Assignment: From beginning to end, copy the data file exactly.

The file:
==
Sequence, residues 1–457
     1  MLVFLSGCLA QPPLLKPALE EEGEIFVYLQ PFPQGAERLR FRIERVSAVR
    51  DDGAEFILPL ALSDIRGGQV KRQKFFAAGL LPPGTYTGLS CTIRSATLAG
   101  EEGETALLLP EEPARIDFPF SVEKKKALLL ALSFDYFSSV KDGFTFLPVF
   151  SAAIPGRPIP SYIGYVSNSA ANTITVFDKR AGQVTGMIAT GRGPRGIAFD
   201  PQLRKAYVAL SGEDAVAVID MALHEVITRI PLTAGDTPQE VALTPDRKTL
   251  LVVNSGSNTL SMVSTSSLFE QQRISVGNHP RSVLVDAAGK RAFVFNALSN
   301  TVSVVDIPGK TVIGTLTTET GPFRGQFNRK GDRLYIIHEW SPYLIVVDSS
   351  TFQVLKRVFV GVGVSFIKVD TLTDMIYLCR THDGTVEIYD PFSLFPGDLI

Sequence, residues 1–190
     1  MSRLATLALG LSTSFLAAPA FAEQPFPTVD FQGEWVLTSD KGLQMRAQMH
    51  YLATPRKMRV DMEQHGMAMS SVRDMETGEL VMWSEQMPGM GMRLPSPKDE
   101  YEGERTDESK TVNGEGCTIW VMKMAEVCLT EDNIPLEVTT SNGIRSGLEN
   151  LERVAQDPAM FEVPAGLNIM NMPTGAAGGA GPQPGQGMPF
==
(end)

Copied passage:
Sequence, residues 1–457
     1  MLVFLSGCLA QPPLLKPALE EEGEIFVYLQ PFPQGAERLR FRIERVSAVR
    51  DDGAEFILPL ALSDIRGGQV KRQKFFAAGL LPPGTYTGLS CTIRSATLAG
   101  EEGETALLLP EEPARIDFPF SVEKKKALLL ALSFDYFSSV KDGFTFLPVF
   151  SAAIPGRPIP SYIGYVSNSA ANTITVFDKR AGQVTGMIAT GRGPRGIAFD
   201  PQLRKAYVAL SGEDAVAVID MALHEVITRI PLTAGDTPQE VALTPDRKTL
   251  LVVNSGSNTL SMVSTSSLFE QQRISVGNHP RSVLVDAAGK RAFVFNALSN
   301  TVSVVDIPGK TVIGTLTTET GPFRGQFNRK GDRLYIIHEW SPYLIVVDSS
   351  TFQVLKRVFV GVGVSFIKVD TLTDMIYLCR THDGTVEIYD PFSLFPGDLI

Sequence, residues 1–190
     1  MSRLATLALG LSTSFLAAPA FAEQPFPTVD FQGEWVLTSD KGLQMRAQMH
    51  YLATPRKMRV DMEQHGMAMS SVRDMETGEL VMWSEQMPGM GMRLPSPKDE
   101  YEGERTDESK TVNGEGCTIW VMKMAEVCLT EDNIPLEVTT SNGIRSGLEN
   151  LERVAQDPAM FEVPAGLNIM NMPTGAAGGA GPQPGQGMPF